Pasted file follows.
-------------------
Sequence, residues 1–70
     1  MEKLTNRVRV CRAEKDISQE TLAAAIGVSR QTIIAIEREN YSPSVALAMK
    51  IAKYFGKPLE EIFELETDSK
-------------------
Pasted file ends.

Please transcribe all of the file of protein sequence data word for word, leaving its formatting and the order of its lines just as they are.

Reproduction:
Sequence, residues 1–70
     1  MEKLTNRVRV CRAEKDISQE TLAAAIGVSR QTIIAIEREN YSPSVALAMK
    51  IAKYFGKPLE EIFELETDSK